Fog: It’s back.
To many, it’s one of those take-it-or-leave-it kinds of things. To others, they either like it or they don’t. With this group, there doesn’t appear to be any room for compromise.
If in the presence of fog when driving, it goes without saying, such has a tendency to make on-the-ground conditions for driving hazardous. And, what a lot of drivers as well as their passengers dread most about it. All the more reason that full autonomobility in the motor vehicle realm, if perfected, is something to definitely look forward to. Imagine a time when any single or multiple or chain-reaction motor vehicle incident becomes an impossibility all as a result of this technology being put in place. Now that would be something to write home about!
Now as to the type of fog what we’re talking about here is “pea-soup-thick” dense where visibility is at most 100 feet, no matter the direction – even up. Such is a cold-weather phenomenon. Meanwhile, in California’s San Joaquin Valley, where once plentiful, up until just recently, this fog type has been noticeably absent.
On the flip side of that same coin especially in the Valley and perhaps elsewhere, is the oftentimes pervasive (read: “omnipresent”), and at the same time, quite undesirable air quality. We’re talking fine particulate matter (PM2.5) pollution here.
So, in the Valley, wood-burning restrictions are in effect each year from Nov. 1st to Feb. 28th and for good reason. Depending on PM2.5 air concentration forecasted, this determines the type of restriction imposed. It could be that no restriction at all is imposed but this would, of course, depend on what the air quality forecast in a given area or county in the Valley is likely or expected to be.
In an Oct. 30, 2020 San Joaquin Valley Air Pollution Control District news release, the air district reminds Valley folk that “[r]esidential wood burning is one of the Valley’s largest sources of wintertime PM 2.5 emissions and shown to have a direct effect on neighborhood air quality. Members of all Valley communities are urged to heat their homes by means other than burning wood whenever possible and continue the trend of wintertime air quality improvement experienced in recent years.”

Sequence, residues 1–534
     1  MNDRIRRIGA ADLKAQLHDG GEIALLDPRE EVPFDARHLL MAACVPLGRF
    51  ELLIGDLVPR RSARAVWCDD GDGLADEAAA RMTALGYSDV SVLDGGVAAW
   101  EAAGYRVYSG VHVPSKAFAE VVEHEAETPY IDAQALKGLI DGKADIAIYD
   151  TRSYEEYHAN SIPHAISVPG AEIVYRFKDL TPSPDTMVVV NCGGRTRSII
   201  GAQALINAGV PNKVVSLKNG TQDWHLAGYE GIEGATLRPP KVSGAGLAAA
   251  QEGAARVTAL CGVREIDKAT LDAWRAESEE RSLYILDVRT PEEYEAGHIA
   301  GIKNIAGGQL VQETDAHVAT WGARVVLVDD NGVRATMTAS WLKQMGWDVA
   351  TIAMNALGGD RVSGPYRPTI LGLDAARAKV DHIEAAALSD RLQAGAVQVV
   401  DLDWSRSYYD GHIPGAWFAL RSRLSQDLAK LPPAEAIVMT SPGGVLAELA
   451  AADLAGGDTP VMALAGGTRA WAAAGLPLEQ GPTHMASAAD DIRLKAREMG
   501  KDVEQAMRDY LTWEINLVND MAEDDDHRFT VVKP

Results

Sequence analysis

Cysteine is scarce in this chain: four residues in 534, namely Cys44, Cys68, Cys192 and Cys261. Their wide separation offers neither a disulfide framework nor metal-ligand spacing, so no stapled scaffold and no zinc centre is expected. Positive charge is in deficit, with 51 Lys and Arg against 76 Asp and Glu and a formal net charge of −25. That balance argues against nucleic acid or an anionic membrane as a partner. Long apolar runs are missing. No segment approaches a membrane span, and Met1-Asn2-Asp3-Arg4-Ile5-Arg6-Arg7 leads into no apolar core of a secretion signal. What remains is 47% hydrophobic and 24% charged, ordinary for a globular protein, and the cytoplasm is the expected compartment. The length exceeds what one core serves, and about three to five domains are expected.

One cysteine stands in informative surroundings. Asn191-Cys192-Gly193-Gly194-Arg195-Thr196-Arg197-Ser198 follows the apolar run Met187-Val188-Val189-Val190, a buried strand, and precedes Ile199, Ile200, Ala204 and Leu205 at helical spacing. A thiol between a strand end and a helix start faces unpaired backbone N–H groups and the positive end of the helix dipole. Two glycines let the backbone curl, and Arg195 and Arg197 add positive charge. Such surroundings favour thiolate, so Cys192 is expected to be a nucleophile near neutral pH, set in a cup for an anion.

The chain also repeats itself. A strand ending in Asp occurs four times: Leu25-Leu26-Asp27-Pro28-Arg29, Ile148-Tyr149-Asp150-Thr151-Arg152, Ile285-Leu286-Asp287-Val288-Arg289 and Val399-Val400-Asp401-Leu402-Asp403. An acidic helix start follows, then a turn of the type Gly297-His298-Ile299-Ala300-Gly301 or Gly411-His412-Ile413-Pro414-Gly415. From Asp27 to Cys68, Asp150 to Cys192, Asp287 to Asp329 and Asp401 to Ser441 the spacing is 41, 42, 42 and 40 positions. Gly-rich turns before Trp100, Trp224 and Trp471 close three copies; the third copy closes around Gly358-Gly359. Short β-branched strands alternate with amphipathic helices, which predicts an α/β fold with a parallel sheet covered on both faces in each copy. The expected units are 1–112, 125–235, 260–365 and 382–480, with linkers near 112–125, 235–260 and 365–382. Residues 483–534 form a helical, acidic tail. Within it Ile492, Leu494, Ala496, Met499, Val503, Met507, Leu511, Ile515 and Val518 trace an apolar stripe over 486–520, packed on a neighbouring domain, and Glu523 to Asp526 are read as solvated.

Looking at Valley PM2.5 numbers, in November so far, preliminarily, there are a total of eight exceedances and they range from a low of 36.3 micrograms per cubic meter (μg/m3) on Nov. 12th to a high of 61.8 μg/m3 on Nov. 3rd. (The “San Joaquin Valley Air Basin Daily Average PM2.5 at Highest Site 2020” table between Nov. 1st and Nov. 21st from the California Environmental Protection Agency Air Resources Board was referenced). What remains to be seen is how the remainder of the month as well as all of December 2020 and all of January and February 2021 PM2.5 levels-wise, play out.
Meanwhile, in looking at one other fine particulate matter data set – “San Joaquin Valley Air Basin Annual PM2.5 Summary Data 2020,” for the “1-Day average” category, of the 35 monitoring sites listed, 23 showed totals above levels that are considered to be good or healthy. The “days above the national standard” ranged from a low of zero, to a high of 39. The latter was for S. Irwin Street in the community of Hanford which is located in Kings County.
And as to the fog’s significance, it aids in keeping airborne pollutants nearer to the ground where people breathe, and therein lies the problem.
And with that, the plan is to report back after Feb. 28th next year with an update.
Top image above: Jeff Schmaltz, NASA
This post was last revised on Nov. 23, 2020 @ 7:37 a.m. Pacific Standard Time.
Published by Alan Kandel